Grey Hours: A Psychologist and Survivor’s Journey Through Depression

By Scherezade Siobhan

A decade ago, when I was swept by a giant wave of major depressive disorder (MDD), I would step out of my room every morning with a well-rehearsed nonchalance, a permanent scowl to insert suitable distance between myself and anyone else who would ask me how I was doing, and mostly unironed clothes. I had learned to disguise my predicament, learned to layer it up in bolts of dead air and a spurious poise.

It was expected out of me — to not be ill, to not be in possession of mind slowly coming to terms with its chasms. I would drag the red impulse of self-injury through the length of every meeting, every conversation, every subway-stop. It was almost as if I had stopped existing as myself and was carrying my physical body as a straw effigy slowly being doused with kerosene. Any moment, I expected the dawn of an impregnable explosion. I spent days, weeks, months living in this unmitigated hell. No one knew. No one was allowed to know. I wasn’t allowed to tell.

When I say allowed, it isn’t as if there were visible, forced compulsions levied on me to not express the pain I was in. There was no regulator outside of my own self who forbade me from telling my best friend that I could not attend her engagement because I was incapable of switching on the light in my own room, let alone get dressed in my gaudiest lehenga and dance till my limbs were sore, as much as I had wanted to. So, I told her I had severe viral fever and wished her the most blessed marital journey.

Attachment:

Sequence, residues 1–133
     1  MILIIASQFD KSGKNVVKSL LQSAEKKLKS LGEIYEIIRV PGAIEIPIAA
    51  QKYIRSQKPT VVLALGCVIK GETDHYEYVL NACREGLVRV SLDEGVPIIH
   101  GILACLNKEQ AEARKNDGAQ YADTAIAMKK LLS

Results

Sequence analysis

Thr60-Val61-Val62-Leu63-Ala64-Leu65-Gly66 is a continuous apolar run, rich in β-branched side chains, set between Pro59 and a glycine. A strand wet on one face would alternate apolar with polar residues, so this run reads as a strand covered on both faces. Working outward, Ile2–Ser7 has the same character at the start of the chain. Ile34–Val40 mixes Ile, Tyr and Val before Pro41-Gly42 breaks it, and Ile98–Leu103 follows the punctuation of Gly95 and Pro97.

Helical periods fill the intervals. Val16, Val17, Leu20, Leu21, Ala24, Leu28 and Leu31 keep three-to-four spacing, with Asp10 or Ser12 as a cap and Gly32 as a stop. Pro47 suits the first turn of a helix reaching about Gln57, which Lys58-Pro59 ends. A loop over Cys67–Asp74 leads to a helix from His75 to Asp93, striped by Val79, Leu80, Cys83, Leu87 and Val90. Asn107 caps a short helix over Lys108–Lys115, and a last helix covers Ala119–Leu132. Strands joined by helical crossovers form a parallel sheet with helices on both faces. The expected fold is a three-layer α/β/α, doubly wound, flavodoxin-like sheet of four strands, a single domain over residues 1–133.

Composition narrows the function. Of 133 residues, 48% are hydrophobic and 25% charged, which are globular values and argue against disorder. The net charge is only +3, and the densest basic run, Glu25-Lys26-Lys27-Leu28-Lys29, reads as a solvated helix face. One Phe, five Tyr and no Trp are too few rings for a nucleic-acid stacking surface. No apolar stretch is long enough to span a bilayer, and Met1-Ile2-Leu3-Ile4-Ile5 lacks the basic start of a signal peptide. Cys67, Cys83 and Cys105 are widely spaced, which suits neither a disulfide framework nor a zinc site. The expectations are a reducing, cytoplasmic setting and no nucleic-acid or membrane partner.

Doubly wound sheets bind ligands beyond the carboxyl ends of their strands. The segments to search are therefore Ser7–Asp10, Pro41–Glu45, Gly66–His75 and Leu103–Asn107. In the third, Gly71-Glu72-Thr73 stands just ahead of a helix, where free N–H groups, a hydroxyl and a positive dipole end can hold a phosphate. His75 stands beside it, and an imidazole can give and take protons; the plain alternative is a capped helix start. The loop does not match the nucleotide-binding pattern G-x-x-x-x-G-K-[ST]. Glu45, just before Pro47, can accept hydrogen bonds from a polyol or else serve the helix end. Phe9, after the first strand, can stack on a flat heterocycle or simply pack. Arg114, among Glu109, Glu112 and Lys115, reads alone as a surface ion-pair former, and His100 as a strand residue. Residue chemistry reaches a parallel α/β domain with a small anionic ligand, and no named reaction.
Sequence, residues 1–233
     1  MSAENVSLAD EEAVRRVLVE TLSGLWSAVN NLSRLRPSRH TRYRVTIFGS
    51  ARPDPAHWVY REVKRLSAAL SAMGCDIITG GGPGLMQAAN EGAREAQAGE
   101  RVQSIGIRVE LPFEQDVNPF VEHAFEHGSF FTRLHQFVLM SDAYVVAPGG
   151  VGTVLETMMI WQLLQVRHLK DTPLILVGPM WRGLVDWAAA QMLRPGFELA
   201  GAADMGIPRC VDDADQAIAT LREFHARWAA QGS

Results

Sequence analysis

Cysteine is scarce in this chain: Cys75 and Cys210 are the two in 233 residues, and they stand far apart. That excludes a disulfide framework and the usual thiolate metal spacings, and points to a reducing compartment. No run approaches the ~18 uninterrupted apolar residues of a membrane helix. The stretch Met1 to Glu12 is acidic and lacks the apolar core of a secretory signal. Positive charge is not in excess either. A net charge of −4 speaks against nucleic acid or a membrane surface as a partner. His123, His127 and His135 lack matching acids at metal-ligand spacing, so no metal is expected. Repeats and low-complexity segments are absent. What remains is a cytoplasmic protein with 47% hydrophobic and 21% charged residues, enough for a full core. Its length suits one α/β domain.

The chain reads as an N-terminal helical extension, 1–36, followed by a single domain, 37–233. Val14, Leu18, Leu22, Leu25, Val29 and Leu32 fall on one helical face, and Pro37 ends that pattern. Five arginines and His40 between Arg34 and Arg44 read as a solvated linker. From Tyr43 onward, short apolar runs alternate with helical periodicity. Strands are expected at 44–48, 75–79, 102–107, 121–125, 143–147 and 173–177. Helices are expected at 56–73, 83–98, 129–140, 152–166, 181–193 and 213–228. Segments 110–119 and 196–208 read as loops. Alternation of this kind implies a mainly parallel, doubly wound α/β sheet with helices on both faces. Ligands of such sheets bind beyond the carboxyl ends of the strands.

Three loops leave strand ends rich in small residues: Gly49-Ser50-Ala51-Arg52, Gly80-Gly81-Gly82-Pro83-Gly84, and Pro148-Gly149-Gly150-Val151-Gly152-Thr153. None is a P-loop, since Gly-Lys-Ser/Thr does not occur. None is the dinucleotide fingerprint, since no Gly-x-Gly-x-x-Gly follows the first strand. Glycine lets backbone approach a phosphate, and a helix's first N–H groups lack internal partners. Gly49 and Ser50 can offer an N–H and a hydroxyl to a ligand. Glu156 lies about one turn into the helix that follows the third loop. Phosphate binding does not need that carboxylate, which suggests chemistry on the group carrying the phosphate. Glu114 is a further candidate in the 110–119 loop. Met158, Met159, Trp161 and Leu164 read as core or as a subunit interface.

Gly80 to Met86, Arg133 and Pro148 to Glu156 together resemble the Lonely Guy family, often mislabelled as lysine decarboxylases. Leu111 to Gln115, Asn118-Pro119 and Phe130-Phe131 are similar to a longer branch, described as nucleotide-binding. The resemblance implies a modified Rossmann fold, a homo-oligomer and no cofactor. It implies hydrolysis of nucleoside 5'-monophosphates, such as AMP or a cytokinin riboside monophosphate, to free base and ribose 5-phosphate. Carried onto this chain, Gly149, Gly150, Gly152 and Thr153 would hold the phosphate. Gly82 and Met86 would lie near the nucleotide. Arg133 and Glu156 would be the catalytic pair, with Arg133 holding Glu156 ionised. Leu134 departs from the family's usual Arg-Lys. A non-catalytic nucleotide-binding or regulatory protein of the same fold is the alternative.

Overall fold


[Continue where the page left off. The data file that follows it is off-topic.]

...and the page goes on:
I suppose I suffered from many consecutive episodes of “viral fever” during this time. My former boss recommended a series of ayurvedic treatments to boost my immunity, an Auntyjee in my building gave me the visiting card of an Ashtanga yoga center, another friend sent me a care package that contained 12 vials of flower remedies for “body purification”. I politely thanked each temporary sympathiser knowing fully well that the very same people would be at complete loss of understanding if I actually did tell them what my “real” illness was. 

I had done this so many times, I had it down to a routine. I could augur the triggers, the first faint appearance of nameless anxieties followed by a full-fledged immersion into grief. In my experience as a psychologist and also a survivor of major depressive disorder, most people assume depression is a function of sadness; if you can just cheer up and act happy, you will feel happy.